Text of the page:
Lecture on Never Give Up

Brian RayveThough it’s contrary to my nature, I’ve found it is better to ‘listen to the experts’ rather than trying to ‘reinvent the wheel’ myself. That, in a nutshell, is why franchise businesses work so well… and why they can be expensive. You have a proven business model to follow rather than learning by ‘trial and error’. So when the experts in the following article speak… you’d be smart to listen!

Spinning off companies to exploit products and ideas developed at universities and research institutions can help to address societal challenges and make a real-world impact. Such moves can also be lucrative for scientists who are prepared to take their concepts into industry.

But before a company can start selling a product, it must protect its intellectual property (IP) by patenting the technology that makes it special (see ‘Glossary’).

Nature spoke to five specialists about how to get started (see also ‘Patent search tips’).

John Gray in front of students, lecturing at a whiteboard.

John Gray says modern patent databases have made competitor analysis much easier.Credit: Rosenich

JOHN GRAY: Learn what makes your idea patentable

UK and European patent attorney, based in Glasgow, UK.

A fear of a discovery being scooped can create a race between researchers to publish their results as a peer-reviewed paper. But if there is a commercial goal in mind, patent filing should come first: patent laws generally favour whomever is first to file an application that completely discloses a fresh invention.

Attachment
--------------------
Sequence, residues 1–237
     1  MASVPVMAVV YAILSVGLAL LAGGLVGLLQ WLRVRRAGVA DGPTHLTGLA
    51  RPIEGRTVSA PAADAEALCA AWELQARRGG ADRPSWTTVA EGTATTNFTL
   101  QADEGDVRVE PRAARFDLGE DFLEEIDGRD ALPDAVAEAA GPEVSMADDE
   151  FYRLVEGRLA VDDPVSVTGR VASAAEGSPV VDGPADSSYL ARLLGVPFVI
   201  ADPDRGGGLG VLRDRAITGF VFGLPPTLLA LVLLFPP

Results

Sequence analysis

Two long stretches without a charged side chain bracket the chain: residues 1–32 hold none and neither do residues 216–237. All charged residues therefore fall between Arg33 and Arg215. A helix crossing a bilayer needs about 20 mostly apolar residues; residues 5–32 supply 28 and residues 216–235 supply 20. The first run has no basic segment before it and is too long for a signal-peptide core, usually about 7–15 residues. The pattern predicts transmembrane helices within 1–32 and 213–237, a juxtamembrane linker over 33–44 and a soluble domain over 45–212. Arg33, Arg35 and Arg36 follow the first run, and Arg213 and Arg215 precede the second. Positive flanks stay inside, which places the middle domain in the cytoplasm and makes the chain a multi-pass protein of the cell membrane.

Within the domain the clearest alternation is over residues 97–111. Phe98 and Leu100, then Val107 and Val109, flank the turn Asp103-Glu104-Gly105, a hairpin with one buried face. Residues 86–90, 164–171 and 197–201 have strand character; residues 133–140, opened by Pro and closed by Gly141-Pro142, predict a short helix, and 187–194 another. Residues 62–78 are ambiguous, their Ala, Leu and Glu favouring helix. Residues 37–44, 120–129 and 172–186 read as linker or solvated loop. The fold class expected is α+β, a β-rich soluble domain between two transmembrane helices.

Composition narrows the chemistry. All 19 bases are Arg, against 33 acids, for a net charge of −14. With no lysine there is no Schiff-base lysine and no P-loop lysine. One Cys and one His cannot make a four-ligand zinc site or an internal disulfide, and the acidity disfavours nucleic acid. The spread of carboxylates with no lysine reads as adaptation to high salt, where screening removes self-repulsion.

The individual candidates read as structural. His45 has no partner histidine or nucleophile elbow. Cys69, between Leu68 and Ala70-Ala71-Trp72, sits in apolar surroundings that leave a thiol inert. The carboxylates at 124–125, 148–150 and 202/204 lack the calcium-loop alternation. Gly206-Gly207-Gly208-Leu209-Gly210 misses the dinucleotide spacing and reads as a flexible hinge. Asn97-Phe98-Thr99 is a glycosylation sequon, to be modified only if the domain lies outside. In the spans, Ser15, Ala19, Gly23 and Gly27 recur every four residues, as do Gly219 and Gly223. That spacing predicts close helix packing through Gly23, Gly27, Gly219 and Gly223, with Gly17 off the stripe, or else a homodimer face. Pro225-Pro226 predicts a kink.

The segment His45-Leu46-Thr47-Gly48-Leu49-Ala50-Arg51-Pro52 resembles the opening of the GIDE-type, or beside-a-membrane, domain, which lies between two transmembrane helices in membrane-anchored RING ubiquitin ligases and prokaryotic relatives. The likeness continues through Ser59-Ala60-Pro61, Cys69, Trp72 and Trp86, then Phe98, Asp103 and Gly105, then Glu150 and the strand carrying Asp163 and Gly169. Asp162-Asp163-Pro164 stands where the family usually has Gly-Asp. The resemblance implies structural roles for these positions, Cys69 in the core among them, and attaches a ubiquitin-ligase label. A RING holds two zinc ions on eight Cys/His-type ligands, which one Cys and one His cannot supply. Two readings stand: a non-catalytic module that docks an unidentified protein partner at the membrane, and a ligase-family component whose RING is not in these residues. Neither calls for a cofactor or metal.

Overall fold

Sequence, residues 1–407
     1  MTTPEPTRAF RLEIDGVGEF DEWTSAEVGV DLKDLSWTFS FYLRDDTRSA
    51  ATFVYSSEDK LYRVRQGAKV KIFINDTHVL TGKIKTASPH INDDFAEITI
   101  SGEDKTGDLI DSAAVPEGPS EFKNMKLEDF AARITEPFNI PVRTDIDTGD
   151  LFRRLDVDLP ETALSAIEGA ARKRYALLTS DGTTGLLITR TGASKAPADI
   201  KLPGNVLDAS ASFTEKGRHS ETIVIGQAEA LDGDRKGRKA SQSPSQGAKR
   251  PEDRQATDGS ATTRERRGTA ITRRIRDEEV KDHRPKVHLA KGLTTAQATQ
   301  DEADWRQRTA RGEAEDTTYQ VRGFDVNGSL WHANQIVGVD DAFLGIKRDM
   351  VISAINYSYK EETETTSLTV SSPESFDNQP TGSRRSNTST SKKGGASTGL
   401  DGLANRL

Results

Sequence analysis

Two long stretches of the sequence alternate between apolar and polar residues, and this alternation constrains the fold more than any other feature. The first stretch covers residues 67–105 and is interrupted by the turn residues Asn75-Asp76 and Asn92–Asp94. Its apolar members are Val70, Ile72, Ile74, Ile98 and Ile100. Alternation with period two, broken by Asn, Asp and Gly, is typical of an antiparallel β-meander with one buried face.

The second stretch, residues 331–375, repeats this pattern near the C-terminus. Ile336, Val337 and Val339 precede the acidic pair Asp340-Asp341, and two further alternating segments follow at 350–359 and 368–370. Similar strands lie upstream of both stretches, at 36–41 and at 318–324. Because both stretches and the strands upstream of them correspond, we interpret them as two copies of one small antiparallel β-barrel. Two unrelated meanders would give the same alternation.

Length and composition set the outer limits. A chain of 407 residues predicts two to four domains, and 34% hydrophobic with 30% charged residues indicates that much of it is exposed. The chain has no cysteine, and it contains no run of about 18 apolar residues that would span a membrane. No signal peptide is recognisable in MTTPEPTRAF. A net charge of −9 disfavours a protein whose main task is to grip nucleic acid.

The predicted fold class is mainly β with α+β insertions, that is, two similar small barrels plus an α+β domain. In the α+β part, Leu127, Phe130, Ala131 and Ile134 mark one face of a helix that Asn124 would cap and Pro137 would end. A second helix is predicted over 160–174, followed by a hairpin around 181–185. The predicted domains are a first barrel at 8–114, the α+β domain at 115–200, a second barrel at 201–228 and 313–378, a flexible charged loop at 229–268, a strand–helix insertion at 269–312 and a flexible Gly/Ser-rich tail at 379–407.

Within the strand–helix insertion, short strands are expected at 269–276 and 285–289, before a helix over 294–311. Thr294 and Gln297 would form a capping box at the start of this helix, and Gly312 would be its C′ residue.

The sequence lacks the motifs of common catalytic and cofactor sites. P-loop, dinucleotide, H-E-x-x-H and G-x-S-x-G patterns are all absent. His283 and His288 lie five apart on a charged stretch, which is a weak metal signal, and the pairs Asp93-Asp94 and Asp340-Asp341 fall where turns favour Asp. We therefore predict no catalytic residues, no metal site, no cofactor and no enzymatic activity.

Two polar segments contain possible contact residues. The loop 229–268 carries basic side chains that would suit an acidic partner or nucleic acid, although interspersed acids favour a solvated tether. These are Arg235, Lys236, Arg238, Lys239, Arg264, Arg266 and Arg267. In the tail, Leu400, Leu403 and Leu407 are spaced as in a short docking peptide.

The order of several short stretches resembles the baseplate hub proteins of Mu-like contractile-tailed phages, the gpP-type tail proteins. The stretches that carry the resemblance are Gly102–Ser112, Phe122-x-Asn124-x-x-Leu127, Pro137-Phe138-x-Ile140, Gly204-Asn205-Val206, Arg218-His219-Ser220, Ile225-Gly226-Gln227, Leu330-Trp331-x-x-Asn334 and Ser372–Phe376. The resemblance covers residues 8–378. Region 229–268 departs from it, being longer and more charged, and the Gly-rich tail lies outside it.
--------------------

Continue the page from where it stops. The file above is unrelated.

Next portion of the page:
Researchers should keep in mind three important elements that make an idea patentable.

First, the invention must be new: the same idea can’t have been published before in any form. Publications by the inventors themselves (this would include academic papers as well as talks at scientific conferences or demonstrations to potential customers) can destroy a patent application. Presentations at internal laboratory meetings are OK, but if there are external collaborators present, it is essential for everyone to commit to a project agreement with a non-disclosure clause, to protect any potential patents.

Second, there must be some inventive step of ‘non-obviousness’. This can be hard to define and depends on the context. For example, painting a device a different colour is unlikely to be considered inventive, but a formulation of paint that dries faster, or holds its colour better under radiation, might well be.

Third, the disclosure in a patent must be sufficient for a skilled person to reproduce the invention with only routine effort. For instance, a drug patent usually needs detailed formulations and evidence of effectiveness, and instructions for making any special chemical compounds used.

Read the full article here as originally published.

Brian Rayve

By Curator

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